"In the NUS, I am told, there is a scheme of apportioning glory and credit for scientific publications. This is for the purpose of chalking up points for promotions and other 'rewards'. The lead and the corresponding authors get 50% of the credit each. All the other co-authors stuck in between get 10% each. On this model, one published paper with a mass grave of 10 co-authors can chalk up a total of 180% credit."

Friday, September 12, 2014

ICA's Hot Potato

Some pictures are really worth a thousand words. The body language of each player could have such a rich story to tell: the immigrant made good (trying hard anyway), the sneering driver going about his job (having lost the last better paying one to a foreign talent), the lawyer pondering if justice is really blind (after blowing his parents' savings for an overseas degree). There's enough material on the canvas for Tan Pin Pin to craft another award winner, albeit one that will not undermine the security of the nation. If the Immigration & Checkpoints Authority (ICA) says okay, it must be okay.

The hot potato has landed on ICA's lap. The story of yin and yang (yīn 陰 or 阴 "shady side" and yáng 陽 or 阳 "sunny side"), hard steel of greed preying on the soft heart of an old woman. What's on the lips of everyone is how a tour guide from China was granted an employment pass. The ICA website says any foreigner interested to work and has a job offer in Singapore may apply for an Employment Pass. The applicant will need to earn at least $3,300 and possess acceptable qualifications.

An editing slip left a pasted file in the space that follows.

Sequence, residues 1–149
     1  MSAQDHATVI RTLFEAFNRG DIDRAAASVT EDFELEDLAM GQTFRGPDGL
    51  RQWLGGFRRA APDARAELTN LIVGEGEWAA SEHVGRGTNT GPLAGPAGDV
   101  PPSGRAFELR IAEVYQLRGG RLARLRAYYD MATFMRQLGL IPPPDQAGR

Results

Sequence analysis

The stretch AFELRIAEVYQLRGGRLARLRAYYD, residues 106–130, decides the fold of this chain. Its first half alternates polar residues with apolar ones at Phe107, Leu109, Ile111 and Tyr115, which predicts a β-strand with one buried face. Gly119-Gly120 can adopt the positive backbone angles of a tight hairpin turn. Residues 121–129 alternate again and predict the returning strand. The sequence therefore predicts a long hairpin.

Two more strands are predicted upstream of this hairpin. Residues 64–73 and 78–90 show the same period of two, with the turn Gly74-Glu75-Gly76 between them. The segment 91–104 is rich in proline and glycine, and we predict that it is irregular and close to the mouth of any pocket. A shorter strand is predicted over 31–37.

The guy first came in on a 4-week holiday in 2009. He was employed by a company set up in his own name and that of the retired physiotherapist. As a director of Young Music and Dance Studio, he may have been free to set his own compensation package, an unfettered practice indulged in by some politicians. Although the Singapore Chinese Chamber of Commerce & Industry (SCCCI) has challenged the claim of directorship, ICA may have considered other acceptable qualifications. Photographic images of Kodak moments with key political figures may have carried the weight of an imprimatur. A letter of support from a standing member of parliament may have sealed the deal. Which could add up to explain the accelerated award of Permanent Residence status by 2011.